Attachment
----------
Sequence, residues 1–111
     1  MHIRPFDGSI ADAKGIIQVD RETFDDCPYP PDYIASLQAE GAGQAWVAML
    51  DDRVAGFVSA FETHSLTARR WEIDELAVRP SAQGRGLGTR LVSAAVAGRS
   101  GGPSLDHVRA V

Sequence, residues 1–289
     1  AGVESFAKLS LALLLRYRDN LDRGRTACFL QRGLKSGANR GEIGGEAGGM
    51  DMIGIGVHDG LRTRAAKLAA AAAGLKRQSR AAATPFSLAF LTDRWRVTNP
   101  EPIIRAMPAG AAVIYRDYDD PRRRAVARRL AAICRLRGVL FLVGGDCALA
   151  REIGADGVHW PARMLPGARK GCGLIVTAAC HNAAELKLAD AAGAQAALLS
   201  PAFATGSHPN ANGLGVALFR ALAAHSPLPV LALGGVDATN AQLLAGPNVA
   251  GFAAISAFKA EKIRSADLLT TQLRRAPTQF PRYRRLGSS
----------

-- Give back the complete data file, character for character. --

Sequence, residues 1–111
     1  MHIRPFDGSI ADAKGIIQVD RETFDDCPYP PDYIASLQAE GAGQAWVAML
    51  DDRVAGFVSA FETHSLTARR WEIDELAVRP SAQGRGLGTR LVSAAVAGRS
   101  GGPSLDHVRA V

Sequence, residues 1–289
     1  AGVESFAKLS LALLLRYRDN LDRGRTACFL QRGLKSGANR GEIGGEAGGM
    51  DMIGIGVHDG LRTRAAKLAA AAAGLKRQSR AAATPFSLAF LTDRWRVTNP
   101  EPIIRAMPAG AAVIYRDYDD PRRRAVARRL AAICRLRGVL FLVGGDCALA
   151  REIGADGVHW PARMLPGARK GCGLIVTAAC HNAAELKLAD AAGAQAALLS
   201  PAFATGSHPN ANGLGVALFR ALAAHSPLPV LALGGVDATN AQLLAGPNVA
   251  GFAAISAFKA EKIRSADLLT TQLRRAPTQF PRYRRLGSS